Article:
Do you generally darken the recessed areas of your goods before showing or do you prefer to polish everything and let the client decide whether to continue polishing or let the patina develop? Thanks!
While most pieces are highly polished when I make them, even if they are later textured, I intend for the low spots to develop a patina and the high spots to stay polished. This will only happen as long a the owner doesn’t use a tarnish remover over the entire piece. I am always happy to re-polish a piece, but I don’t take out the dings or dents as they are like scars and probably have a story behind them. Once in a while I will make the design choice to patina a piece when I first make it, usually with LOS…Rob
My jewelry leaves the shop with a hi-polish. Dad told me and I assume he told Rob the job wasn’t done until it was polished. I always tell people to wear their jewelry. Every time you pull on a sweater or a shirt you polish your bracelets and rings a little. Every time you put on a jacket you polish your pins and pendants a little. The low spots will darken and the high spots will gleam.
i love the warm burnished nature that polished sterling silver takes on naturally over time…
Depends entirely on the piece. Sometimes a texture or dimensional element just doesn’t show up properly unless it’s emphasized with patina, but sometimes it does and the patina can be too much. Plus some people just don’t like it, they want all shine all the time.
I recently made these earrings and couldn’t make up my mind whether to add patina or not.
That etched texture is certainly capable of standing on its own… but I do like the look of patina. I mentioned my dithering in the listing and left it up to the customer whether they wanted the patina. They just sold and the customer asked for the patina, and I’m so glad they did! The black patina actually makes the blue-purple tones in the pearls much more visible. I’ve got more of the pearls so this will definitely guide my hand the next time I work with them.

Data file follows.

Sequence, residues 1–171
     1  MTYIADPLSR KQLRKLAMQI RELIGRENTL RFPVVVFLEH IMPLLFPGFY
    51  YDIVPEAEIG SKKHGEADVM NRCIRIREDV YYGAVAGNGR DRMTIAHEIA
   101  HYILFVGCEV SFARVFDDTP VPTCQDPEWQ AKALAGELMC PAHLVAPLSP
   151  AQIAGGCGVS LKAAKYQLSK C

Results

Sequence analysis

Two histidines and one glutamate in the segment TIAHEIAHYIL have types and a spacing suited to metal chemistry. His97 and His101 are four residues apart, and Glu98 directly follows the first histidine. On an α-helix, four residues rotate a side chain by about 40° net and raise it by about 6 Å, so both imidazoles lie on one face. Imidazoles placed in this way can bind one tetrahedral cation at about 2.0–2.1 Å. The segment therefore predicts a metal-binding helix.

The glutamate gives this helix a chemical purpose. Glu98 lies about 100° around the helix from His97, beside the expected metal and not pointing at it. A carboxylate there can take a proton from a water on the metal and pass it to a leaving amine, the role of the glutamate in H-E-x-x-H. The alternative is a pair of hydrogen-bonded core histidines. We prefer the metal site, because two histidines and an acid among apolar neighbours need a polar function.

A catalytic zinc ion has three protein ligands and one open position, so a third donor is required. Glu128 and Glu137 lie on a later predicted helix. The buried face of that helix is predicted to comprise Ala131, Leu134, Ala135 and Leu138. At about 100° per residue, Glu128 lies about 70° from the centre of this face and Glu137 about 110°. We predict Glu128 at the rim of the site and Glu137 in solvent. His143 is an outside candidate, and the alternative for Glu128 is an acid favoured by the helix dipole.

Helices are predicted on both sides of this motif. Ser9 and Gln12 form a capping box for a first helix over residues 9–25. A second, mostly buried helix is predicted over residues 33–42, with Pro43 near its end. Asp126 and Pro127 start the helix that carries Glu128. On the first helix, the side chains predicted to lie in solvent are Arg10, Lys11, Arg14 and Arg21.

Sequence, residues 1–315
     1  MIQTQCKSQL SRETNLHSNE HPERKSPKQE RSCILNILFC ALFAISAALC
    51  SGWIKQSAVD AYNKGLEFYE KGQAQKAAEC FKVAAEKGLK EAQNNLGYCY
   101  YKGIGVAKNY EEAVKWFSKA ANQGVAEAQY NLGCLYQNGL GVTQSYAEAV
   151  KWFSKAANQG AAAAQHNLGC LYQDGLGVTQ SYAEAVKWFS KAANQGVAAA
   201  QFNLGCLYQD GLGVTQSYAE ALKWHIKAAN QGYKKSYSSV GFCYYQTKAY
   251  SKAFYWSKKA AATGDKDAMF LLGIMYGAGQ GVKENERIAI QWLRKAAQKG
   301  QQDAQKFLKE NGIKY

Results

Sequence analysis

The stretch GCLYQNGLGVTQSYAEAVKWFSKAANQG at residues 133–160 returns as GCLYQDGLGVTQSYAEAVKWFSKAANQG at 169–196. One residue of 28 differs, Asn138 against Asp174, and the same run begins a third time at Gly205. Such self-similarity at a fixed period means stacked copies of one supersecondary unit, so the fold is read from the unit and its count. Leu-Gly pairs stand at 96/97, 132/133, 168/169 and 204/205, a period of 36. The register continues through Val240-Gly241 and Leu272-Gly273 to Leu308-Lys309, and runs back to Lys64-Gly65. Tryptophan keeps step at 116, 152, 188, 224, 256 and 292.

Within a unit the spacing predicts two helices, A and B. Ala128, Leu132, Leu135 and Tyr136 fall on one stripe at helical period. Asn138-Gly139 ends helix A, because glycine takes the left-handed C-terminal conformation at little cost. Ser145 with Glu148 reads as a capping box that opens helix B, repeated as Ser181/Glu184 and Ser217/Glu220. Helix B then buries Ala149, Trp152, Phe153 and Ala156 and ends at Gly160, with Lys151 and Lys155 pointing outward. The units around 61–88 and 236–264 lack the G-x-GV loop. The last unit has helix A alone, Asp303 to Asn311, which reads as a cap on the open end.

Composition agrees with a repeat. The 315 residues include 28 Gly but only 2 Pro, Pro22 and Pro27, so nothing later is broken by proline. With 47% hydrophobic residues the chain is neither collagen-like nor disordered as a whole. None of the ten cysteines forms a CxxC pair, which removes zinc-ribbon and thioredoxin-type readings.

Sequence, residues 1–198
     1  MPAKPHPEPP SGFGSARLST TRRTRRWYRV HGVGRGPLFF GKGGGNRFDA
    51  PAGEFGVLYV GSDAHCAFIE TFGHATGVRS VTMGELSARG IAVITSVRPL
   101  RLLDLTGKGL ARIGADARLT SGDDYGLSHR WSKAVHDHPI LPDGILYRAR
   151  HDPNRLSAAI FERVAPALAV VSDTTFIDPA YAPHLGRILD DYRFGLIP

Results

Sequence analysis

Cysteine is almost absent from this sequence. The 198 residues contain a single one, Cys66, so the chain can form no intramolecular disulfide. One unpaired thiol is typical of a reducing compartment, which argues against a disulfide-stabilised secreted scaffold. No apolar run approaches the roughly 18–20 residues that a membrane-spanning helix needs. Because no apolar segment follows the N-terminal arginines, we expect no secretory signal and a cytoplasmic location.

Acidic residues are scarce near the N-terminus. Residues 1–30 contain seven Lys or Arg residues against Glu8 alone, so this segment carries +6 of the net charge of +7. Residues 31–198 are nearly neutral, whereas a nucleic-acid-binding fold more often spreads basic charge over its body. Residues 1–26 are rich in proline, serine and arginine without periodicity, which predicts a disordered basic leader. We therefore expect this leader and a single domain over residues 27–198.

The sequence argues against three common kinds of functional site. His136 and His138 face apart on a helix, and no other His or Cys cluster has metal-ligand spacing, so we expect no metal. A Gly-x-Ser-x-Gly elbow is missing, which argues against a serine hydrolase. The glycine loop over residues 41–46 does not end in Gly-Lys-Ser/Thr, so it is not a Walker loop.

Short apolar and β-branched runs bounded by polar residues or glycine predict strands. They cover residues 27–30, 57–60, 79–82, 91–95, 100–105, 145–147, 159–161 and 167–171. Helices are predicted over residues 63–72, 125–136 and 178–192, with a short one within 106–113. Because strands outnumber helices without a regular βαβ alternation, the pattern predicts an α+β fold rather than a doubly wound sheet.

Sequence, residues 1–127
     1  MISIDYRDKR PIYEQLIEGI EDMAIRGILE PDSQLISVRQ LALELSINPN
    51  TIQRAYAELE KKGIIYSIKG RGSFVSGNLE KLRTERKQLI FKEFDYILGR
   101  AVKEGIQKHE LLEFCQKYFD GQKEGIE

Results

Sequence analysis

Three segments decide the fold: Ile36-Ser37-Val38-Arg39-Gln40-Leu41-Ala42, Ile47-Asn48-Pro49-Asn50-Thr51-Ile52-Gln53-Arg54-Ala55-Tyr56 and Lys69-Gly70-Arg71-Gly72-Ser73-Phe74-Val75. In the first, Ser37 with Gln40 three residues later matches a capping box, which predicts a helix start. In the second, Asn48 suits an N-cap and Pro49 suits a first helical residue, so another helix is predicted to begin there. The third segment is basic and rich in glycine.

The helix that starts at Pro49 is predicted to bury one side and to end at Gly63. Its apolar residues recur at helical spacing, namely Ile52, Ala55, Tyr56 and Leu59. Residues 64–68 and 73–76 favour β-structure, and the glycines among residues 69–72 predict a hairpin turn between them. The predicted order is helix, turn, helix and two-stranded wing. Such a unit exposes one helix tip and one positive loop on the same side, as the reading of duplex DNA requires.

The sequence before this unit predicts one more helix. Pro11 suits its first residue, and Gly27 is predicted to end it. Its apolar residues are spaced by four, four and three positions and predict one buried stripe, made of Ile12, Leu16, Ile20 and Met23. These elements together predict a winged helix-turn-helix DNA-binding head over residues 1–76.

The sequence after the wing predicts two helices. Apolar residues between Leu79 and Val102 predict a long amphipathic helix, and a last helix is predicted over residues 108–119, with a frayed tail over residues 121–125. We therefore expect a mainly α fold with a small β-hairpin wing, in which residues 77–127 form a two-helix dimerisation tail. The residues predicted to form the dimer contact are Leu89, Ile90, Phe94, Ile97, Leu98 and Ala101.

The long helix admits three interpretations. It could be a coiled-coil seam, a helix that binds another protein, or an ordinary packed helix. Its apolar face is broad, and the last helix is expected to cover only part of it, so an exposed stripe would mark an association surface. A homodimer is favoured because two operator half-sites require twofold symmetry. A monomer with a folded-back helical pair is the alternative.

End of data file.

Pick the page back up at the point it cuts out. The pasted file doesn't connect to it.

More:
Nice! How did you secure the pearls?..Rob
In a process derived entirely from ferreting through the Orchid archives, in fact! I took two smaller gauge wires, twisted them tightly, then rolled them between two anvils to narrow them up a little (to just barely fit into the pearl with a little force but not enough to risk breaking it) and smooth the sides just a little, but still leaving grooves spiraling up. I soldered that into the little dish, trimmed and filed it until it was exactly the length of the hole in the pearl, then coated the post with just a drop of jeweler’s epoxy before putting the pearl on.
I’ve seen people use smooth wire for this, but given my previous experiences with epoxies I wasn’t about to risk that. All epoxies, no matter how high quality, are going to let go of smooth metal under some conditions. Maybe time, maybe impact, maybe temperature fluctuations, maybe a combination. But it WILL let go. The spiral grooves in the post should serve to lock it in place even if the epoxy ceases to be bonded to the surface of the metal. In an ideal world I would have the drill hole in the pearl grooved too, and have holes all the way through the post for the epoxy to flow through… but doing all that gets into levels of miniaturization that I’m certainly not capable of, and is probably more than is actually necessary. But I guarandamntee if I could do that that pearl would never ever EVER come loose!
Good solution. I have only mounted pearls a couple times. Each time I drew wire to be a snug fit into the 1/2 hole in the pearl. Cut, solder and finish the post and then went around the post with wire cutters to burr it up. Pearl cement or epoxy after that and, as far as I now, they have all held. Thanks for sharing…Rob
Two other ways to groove a post so the glue gets better purchase.
- Flatten a length of wire to the proper width then twist it, creating a helix. Mark Wooding’s “Rolling Wire-strip Calculator” helps with this.
Rolling wire-strip calculator
- Thread the post.
Brilliant gads I love the simplicity👍🏻
GREAT example of how patina can make elements pop! The polished edge around the pearls really does make them stand out against the texture.